In desert communities, residents aspire to balance their preferred landscape with the need for water conservation (Spinti et al., 2004). This balance is a challenge for homeowners who desire to select their favorite landscape, but do not know the water needs of their choice. Knowledge of the water needs of landscape types can be a major strategy in urban water conservation (Hurd et al., 2006).
Traditionally, a landscape water budget has been defined as the amount of water required to maintain water features in a landscape and irrigate plants to nonstress conditions (Al-Kofahi et al., 2012a; St. Hilaire et al., 2008). However, St. Hilaire et al. (2008) cautioned that many landscape groundcovers and shrubs have acceptable aesthetic performance without irrigation or with reduced irrigation. Recognizing the potential impact of landscape selection on water budgets of desert urban landscapes, Hurd et al. (2006) presented a drawing of a landscape to residents of Albuquerque, Las Cruces, and Santa Fe, NM, that showed various configurations of a 2500-ft2 landscapable area around an urban residence. Estimated yearly water use values for the configurations varied from 40,000 gal when that landscape had 100% turf to 15,000 gal when that landscape had no turf and 100% drought-tolerant trees, shrubs, native vegetation, and rocks. Hurd et al. (2006) wanted to determine the proportion of residents who had a particular landscape configuration to assess the potential effect of landscape choice on urban landscape water use. To attain those yearly water use estimates, Hurd et al. (2006) assumed that warm season turf required 25 inches of water per year (Smeal, 2013) and simply scaled the estimated water use value to reflect the proportion of turf in the landscapable area. While such broad estimates of a yearly landscape water use are customary, Al-Kofahi et al. (2012a) showed that they overestimated landscape water budgets.
Reference evapotranspiration (ETO), which estimates water loss from an actively growing field of uniform surface of cool season grass that is ≈12 cm tall and not short of water (Allen et al., 2005) and a crop coefficient (Kc) are used to calculate plant water budgets. Each crop has a specific coefficient that is used with the ETO to estimate the evapotranspiration rate for that crop (Allen et al., 2005). The crop coefficient is unit-less and is computed by dividing crop evapotranspiration by ETO (Allen et al., 1998). Crop coefficients range from 0.1 to 1.2 depending on crop type, stage of growth, and cultural practices [California Irrigation Management Information System (CIMIS), 2008]. A traditional way of applying the crop coefficient method to calculate water budgets for landscape plants is to use a landscape coefficient (KL) instead of Kc. This change is necessary because Kc is used for a uniform species in a uniform condition, while the KL may be used for one or more species that vary in vegetation density and microclimate conditions (Costello et al., 2000). The KL is a product of the coefficients for species (Ks), vegetation density (Kd), and microclimate (Km). Since Kd and Km often are assumed to be 1 in landscape settings, Ks becomes a proxy for the KL. Because of those approximations, the simple use of Ks to calculate water budgets is likely to produce inaccurate values.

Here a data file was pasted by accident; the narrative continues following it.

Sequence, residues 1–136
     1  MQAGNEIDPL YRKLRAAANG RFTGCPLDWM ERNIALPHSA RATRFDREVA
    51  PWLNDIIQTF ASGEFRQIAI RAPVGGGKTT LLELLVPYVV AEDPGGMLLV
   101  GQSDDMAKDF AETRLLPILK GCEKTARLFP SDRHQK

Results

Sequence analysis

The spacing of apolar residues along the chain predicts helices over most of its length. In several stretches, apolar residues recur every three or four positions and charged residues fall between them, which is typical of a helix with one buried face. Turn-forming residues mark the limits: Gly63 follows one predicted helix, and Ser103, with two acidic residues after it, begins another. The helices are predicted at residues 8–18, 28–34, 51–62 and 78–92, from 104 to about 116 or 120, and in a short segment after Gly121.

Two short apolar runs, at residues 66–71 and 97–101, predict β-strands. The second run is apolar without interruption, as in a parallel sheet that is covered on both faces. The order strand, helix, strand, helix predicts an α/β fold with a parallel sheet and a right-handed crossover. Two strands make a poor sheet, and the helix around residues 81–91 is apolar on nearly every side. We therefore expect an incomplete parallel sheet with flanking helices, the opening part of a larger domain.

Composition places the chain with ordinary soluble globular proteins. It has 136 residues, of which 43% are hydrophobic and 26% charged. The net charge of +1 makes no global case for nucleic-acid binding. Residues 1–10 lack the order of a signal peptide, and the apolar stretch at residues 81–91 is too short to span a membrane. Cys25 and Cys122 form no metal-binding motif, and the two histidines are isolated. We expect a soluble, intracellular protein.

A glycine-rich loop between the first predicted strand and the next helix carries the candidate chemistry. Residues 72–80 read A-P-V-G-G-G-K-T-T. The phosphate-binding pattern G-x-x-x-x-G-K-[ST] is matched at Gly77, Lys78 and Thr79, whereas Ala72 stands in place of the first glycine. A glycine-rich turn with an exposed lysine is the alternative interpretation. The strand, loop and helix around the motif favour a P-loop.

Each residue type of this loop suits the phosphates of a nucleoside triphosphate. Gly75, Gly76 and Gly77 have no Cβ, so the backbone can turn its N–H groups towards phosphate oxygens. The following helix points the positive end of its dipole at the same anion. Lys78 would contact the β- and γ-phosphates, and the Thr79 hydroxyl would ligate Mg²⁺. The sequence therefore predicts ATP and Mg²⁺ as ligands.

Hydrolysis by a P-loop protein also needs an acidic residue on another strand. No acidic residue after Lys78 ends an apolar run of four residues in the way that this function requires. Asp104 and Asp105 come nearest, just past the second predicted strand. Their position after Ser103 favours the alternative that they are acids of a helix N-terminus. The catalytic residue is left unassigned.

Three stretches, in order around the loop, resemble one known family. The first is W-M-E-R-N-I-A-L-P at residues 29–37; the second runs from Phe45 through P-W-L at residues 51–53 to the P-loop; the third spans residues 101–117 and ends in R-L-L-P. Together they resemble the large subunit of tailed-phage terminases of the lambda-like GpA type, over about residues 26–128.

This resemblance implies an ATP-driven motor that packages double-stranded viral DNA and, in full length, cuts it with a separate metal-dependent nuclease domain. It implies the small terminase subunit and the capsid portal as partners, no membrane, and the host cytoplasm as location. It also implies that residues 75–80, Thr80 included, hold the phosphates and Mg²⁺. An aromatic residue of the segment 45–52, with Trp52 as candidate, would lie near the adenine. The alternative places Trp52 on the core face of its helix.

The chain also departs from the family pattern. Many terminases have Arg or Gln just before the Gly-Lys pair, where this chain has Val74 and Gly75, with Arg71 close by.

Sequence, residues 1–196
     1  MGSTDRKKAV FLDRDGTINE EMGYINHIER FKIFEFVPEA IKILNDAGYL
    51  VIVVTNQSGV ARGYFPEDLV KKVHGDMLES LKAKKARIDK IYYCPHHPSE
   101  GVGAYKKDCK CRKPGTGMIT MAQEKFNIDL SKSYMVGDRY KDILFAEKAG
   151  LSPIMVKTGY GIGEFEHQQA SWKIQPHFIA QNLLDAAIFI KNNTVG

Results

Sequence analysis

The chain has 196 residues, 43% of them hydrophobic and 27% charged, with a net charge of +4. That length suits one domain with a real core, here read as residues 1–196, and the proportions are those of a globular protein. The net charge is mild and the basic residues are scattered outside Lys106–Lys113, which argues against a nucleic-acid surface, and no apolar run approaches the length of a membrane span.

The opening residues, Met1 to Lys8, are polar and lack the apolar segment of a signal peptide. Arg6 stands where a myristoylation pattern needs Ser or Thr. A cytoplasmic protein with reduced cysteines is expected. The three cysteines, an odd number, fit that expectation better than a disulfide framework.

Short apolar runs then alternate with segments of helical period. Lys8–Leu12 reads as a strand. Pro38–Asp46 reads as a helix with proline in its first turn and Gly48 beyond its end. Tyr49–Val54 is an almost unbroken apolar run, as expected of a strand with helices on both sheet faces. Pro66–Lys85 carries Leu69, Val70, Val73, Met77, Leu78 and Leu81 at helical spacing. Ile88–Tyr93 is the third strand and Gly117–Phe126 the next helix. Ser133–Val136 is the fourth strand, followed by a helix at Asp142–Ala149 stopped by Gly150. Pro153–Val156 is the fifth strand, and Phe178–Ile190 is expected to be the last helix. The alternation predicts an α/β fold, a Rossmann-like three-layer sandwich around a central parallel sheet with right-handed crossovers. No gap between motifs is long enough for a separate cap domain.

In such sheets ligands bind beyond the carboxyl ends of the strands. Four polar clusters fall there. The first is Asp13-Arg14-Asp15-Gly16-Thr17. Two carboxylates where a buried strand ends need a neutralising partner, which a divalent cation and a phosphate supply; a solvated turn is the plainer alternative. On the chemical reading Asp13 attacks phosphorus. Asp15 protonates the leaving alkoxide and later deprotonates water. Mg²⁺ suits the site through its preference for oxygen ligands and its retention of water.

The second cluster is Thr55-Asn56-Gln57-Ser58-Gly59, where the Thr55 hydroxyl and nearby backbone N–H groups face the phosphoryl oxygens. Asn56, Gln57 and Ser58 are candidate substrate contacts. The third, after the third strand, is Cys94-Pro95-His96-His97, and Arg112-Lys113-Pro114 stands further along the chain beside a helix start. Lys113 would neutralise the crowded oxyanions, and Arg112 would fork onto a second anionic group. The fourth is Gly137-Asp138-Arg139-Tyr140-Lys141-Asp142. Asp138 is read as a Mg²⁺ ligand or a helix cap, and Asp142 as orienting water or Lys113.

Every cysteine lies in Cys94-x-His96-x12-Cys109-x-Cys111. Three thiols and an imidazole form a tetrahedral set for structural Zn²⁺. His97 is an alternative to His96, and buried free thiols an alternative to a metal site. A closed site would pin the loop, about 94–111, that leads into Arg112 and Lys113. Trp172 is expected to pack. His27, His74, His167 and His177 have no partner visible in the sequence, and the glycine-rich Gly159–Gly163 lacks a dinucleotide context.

Accurate landscape water budgets facilitate urban water conservation (Kenney et al., 2004) and the precision with which landscape elements within the landscape are classified determines the accuracy of the landscape water budget (Al-Kofahi et al., 2012b). Because the accuracy of the landscape water budget depends in part on knowing the composition of the elements in the landscape through actual field surveys, we used a novel approach to quantitatively classify urban residential landscapes in Las Cruces, NM (Al-Ajlouni et al., 2013). We established that residential landscapes in Las Cruces could be classified into distinct landscape types based on the coverage percentage of landscape elements (Table 1). Given that we previously quantitatively classified urban landscapes, we hypothesized that a quantitatively determined residential landscape type could be associated with a specific landscape water budget. Except for our initial report (St. Hilaire and Al-Ajlouni, 2009), no report that we are aware of links quantitatively classified desert landscape types with specific water budgets. The objective of this research was to determine the relationship between landscape water budgets and quantitatively determined residential landscape types in Las Cruces, NM.
Landscape types in Las Cruces, NM, along with their water budget, landscape coefficient, and the coverage of irrigated elements percentage. The frequency (n = 158) of occurrence of each landscape is given.
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